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Wildfires transform aquatic ecosystems, with implications for wildlife and water quality

In devasting events dotting the globe, climate warming has led to an increase in the number and severity of destructive wildfires. Climate change projections indicate that environmental and economic damage from wildfires will increase in the years ahead.

While studies have analyzed fires’ impacts on land, research by scientists at the University of California San Diego and other institutions indicates that aquatic ecosystems are also undergoing rapid changes because of wildfires.

Led by UC San Diego scientist Jonathan Shurin, the researchers showed how aquatic systems change with the input of burnt plant matter. The U.S. National Science Foundation-supported results are reported in two papers published in the journal Global Change Biology.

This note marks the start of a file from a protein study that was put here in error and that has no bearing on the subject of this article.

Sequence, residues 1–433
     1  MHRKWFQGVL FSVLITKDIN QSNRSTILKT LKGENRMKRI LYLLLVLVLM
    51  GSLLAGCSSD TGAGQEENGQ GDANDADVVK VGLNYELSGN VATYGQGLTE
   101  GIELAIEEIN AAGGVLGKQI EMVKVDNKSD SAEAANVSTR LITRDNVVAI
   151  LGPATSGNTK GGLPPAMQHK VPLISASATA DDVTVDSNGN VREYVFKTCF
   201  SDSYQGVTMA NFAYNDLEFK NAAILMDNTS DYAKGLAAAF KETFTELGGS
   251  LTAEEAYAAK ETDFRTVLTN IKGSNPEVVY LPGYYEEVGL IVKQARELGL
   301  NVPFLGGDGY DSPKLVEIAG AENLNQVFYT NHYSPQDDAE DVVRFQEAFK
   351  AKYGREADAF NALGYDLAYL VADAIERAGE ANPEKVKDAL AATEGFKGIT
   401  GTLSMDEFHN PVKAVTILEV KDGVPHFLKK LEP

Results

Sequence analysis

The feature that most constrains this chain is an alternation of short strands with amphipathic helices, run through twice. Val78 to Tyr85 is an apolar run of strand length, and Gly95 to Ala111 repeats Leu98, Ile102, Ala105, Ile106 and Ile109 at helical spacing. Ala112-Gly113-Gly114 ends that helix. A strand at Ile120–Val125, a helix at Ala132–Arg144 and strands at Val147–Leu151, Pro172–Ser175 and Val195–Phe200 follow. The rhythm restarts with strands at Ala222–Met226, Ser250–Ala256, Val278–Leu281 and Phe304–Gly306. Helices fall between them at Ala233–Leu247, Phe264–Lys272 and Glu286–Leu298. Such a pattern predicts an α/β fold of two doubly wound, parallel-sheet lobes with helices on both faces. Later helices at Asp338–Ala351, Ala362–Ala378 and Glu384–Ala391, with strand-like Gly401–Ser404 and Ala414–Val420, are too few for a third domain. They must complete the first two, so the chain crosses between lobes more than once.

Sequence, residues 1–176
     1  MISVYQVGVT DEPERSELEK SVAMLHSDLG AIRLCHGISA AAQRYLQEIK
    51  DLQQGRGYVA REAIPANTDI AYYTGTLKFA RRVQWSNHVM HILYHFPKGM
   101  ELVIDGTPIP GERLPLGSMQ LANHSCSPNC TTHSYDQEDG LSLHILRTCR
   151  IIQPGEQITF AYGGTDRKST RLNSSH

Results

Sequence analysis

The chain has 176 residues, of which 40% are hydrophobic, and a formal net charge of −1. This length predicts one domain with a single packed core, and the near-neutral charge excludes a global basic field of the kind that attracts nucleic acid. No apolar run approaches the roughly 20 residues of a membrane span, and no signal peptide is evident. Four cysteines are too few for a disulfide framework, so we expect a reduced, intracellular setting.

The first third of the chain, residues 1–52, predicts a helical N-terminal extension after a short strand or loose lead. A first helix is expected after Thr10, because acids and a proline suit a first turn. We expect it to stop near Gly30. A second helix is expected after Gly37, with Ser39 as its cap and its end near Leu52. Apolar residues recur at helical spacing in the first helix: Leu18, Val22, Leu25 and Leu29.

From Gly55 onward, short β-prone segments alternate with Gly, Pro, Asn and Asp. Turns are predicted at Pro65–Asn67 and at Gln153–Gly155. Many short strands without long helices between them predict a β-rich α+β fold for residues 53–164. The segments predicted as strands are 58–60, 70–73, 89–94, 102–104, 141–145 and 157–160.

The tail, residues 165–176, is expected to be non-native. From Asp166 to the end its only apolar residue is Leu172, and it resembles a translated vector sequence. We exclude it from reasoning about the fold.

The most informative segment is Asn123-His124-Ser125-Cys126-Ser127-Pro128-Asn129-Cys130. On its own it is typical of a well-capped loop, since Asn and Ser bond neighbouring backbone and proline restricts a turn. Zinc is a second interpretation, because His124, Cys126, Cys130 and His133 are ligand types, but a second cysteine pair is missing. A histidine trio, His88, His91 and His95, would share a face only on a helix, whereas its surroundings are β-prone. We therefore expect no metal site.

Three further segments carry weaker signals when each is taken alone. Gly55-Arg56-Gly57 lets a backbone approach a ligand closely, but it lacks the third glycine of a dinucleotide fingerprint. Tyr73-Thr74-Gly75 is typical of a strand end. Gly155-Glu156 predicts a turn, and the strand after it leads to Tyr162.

“This work improves our understanding of the connectivity between aquatic and terrestrial systems, and the impact of fire on ecosystem function,” said Andrea Porras-Alfaro, a program director in NSF’s Division of Environmental Biology.

Among the findings, scientists show that fire chemically transforms plant debris and changes the role of aquatic ecosystems as key players in the carbon cycle. The shifts point to a fundamental change in the way these aquatic systems store, process and emit carbon.

The results are important as aquatic ecosystems serve as sinks that capture water flows and store carbon in their sediments.

"The effects of wildfires are not limited to terrestrial systems," said Chris Wall, first author of one of the studies. "When we think about wildfires increasing, especially in the West, burned materials flow into waterways that are vital for people and wildlife. We're now recognizing that wildfires can greatly influence ecosystem health, with implications for water resources like aquifers and recreational fishing."

The results have implications for aquatic ecosystems in areas such as the Sierra Nevada.

"We've seen the impact these huge fires have had on watersheds, so we're working to understand how different components of climate change are altering ecosystems," said Shurin.